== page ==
TD: I won’t take assignments to slam stuff. With Artforum and Bookforum, I was selective about assignments. I tend to only want to spend time with stuff that I’m interested in thinking about or looking at or reading. I don’t really want to spend time going around to galleries and hating everything and writing about how much I hate it. Why would you want to spend your time doing that? Some people really love that level of critique. It’s the way they dialogue, and I get that, but I’m not that kind of critic.
PG: Do you get flack for that? For not ‘hating?’
TD: Yes, because if you only write about things you love, it can be difficult to be articulate about them. Criticism is a form of prose and there needs to be drama for the piece to work. It can’t just be effusive praise all the time. That doesn’t always produce a good text, and I know criticism really revolves around those moments of tension and conflict. And ethically, it’s important and interesting to address problematic issues and aesthetics.
PG: So is judgement the way to crank up the drama? I’ve been trying to articulate the building blocks of criticism and found this art criticism lesson plan / checklist that breaks it into 4 parts: Description, Analysis, Interpretation, and Judgement. From the judgement section: “Judging a piece of work means giving it rank in relation to other works and of course considering a very important aspect of the visual arts: its originality.” Even though I do it, it freaks me out: lowering the gavel on something. Is passing judgement an essential part of criticism?
TD: This is an interesting syllabus and I’d pretty much agree with the criteria and definitions but it’s not a fixed formula that everyone has to include every component. I’m not against judgment at all, rather feel judgment can be defined by each individual. For example, limiting the discussion to “good/bad” is pretty 101, whereas comparative analysis to determine “values” of an artwork is crucial—one of the main intriguing challenges of writing about art.
PG: And how does that relate to deeming something ‘original’ or not?
TD: Some people value originality highly while others don’t even believe originality is possible, so again it’s about locating and articulating where you sit on the spectrum. It’s up to the critic to voice their position on such things. When I’m teaching, I notice that most young critics are reluctant to voice their opinions in any emphatic way because they lack confidence or they haven’t learned how to articulate those opinions yet on the page. In revisions, I almost always ask students to insert their opinions up front, and more clearly throughout. This goes back to civil rights, queer rights, and feminism for example—making your voice heard. I write because I want to have a voice. In critical writing, the personal is political. Therefore, I feel it’s important for the position of the critic to be clear. If I’m going to take an opinion seriously I want to understand where that opinion is coming from. Is the critic full of ego and base judgment, or is the critic trying to elucidate and enhance aesthetic and social dialogues? If I can’t tell where the critic “sits” in their work, I feel suspicious.
PG: I just finished this book Let’s Talk Love About Love, in which the critic Carl Wilson investigates and questions his reactions to Celine Dion. It does a great job of articulating ‘hate.’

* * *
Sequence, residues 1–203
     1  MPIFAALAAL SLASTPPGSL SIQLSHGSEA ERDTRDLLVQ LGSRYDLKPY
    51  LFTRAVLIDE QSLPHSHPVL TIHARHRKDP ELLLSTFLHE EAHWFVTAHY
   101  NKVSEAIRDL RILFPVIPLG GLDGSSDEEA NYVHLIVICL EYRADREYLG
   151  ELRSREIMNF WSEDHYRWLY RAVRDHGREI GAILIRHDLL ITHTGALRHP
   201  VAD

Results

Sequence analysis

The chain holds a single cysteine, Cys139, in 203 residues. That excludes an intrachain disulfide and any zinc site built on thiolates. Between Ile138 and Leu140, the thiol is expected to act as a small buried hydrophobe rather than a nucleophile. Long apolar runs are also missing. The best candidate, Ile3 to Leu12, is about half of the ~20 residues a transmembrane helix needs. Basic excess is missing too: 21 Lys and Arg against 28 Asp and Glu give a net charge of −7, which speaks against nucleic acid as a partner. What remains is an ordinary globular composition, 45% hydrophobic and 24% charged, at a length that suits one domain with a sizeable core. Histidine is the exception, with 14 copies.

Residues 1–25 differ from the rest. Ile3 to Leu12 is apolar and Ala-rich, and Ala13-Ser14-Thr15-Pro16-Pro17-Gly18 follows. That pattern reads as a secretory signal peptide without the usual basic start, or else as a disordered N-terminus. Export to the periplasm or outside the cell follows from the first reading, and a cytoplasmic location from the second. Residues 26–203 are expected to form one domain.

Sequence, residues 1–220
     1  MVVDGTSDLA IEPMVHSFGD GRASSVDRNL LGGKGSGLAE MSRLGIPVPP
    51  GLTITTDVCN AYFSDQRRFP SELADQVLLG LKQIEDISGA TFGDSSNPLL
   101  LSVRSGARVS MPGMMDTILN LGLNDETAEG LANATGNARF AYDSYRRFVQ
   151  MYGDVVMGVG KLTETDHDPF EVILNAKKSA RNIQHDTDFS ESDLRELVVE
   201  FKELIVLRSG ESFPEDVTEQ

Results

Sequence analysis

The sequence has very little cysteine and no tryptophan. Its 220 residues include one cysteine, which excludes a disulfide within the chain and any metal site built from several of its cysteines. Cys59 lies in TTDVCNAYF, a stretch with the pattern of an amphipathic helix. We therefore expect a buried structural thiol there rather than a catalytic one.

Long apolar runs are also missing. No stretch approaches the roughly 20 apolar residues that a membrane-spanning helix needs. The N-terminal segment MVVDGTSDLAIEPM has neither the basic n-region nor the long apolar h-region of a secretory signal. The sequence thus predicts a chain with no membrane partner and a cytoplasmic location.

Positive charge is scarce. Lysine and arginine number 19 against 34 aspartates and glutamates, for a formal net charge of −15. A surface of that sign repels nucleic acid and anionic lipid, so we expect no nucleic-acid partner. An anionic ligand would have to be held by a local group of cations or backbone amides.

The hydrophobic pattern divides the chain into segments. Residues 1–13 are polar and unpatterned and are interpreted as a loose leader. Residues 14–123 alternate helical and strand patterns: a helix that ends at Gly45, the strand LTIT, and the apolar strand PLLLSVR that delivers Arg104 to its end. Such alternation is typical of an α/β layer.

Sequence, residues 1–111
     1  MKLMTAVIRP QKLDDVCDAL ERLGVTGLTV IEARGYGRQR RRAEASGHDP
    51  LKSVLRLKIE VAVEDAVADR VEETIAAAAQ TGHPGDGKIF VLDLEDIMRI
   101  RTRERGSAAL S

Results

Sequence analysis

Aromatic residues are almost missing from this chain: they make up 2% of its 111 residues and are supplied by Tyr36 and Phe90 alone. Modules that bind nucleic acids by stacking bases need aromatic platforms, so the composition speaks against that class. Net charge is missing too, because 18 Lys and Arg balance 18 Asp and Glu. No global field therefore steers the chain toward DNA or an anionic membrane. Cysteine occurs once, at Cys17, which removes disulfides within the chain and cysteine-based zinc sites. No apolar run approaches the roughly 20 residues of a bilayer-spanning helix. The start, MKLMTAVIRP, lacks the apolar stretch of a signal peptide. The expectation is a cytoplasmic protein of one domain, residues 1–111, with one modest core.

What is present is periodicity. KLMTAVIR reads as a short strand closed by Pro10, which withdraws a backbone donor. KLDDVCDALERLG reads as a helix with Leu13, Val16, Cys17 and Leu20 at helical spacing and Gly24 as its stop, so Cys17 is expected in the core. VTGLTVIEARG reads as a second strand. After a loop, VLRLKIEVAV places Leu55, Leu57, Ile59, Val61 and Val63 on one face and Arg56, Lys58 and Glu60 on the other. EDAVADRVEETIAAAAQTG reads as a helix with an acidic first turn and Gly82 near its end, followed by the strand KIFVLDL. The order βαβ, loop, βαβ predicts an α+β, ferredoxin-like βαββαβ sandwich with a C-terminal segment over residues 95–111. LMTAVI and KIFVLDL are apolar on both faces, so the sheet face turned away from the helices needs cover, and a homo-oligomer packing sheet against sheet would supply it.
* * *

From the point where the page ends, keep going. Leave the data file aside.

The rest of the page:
TD: (laughs) I don’t know that one but it sounds fun.
PG: Oh, it’s incredible. And I think it relates to when you were talking about not wanting to spend your time ‘hating’ in galleries. By devoting so much time to researching and analyzing Dion’s work, Wilson realizes he doesn’t hate her or her work at all, that his hate has to do with surface reading, social capital, and negative cultural associations. Basically, the more time one spends with something, the harder it is to hate.
TD: Yeah, that’s true – so you know exactly what I meant when I was talking about deciding ethically what role you play as critic. Say Bookforum mails you a book and you think, ‘I don’t want to read this book. This book SUCKS.’ Then you start reading it and all these other factors enter in. You think, ‘Okay, maybe I’m not personally relating to it but it is interesting for such-and-such-a- reason.’ It becomes complicated instantly. Criticism, if anything, is about dedicating yourself to thinking about something, to paying attention on a deep level.
PG: And I’ve learned I can pick and choose within the work. If I have ‘hate’ or a lack of personal connection to a whole book or a whole exhibition, I’m at least drawn to a few things, maybe three, that I like, that jump out at me, and I work from there.
TD: That’s true. Do you know Wayne Koestenbaum’s writing?
PG: I loooove Wayne Koestenbaum.
TD: Yeah, me too. Earlier, you were talking about writing that’s about an artwork or a way of thinking, but then weaving other elements into it. He’s really good at that. I think it also relates to you mentioning failure, and acknowledging the space for failure between two opposing factors. Failure is part of his style and he’s really good at creating a space to bounce ideas, aesthetics, and things in the world back and forth while also creating his own space in the text to have opinions. It’s an interesting mode of critique. It’s fun.
PG: It’s so fun: admitting the failure of criticism to achieve some holistic view of a work. I’m interested in allowing the space for associational or lateral thinking within criticism. Expose the subjectivity. My favorite parts of Koestenbaum’s work are the associations, the personal anecdotes. He’ll be dealing with his ‘subject,’ and then this odd sexual exploit will drop out of the sky.
TD: And that seems more realistic to me! That’s how Dorothy’s work is: she depicts sex; so what? Who isn’t thinking about that? It’s false to pretend that you’re not as a critic. It’s such a fake stance, to pretend you’re pontificating about everything and never had a thought about sex in your life. It’s so unrealistic to me.
Trinie Dalton is author of six books. Her newest art writing includes texts in monographs for David Altmejd (Damiani), Laura Owens (Rizzoli), two for Dorothy Iannone (Siglio and Berlinische Galerie/Kerber Verlag), and Anna Sew Hoy (Oslo Editions). She is Faculty Director of the MFA in Writing and Publishing at Vermont College of Fine Arts, and Core Faculty in Fiction in VCFA’s low-residency writing program. Dalton also recently taught at Art Center College of Design, University of Southern California, and in the MFA in Art Criticism & Writing program at School of Visual Arts.
Patrick Gaughan is a poet, performer, and critic in 21st Century America. Find recent writing in Poor Claudia, Howlround, Blunderbuss, and Entropy. He curates a field recording archive called #TheTapeRoll. He’s a member of the Connecticut River Valley Poets’ Theater (CRVPT), and writer/director of the play FAST FIVE. [twitter] [tumblr]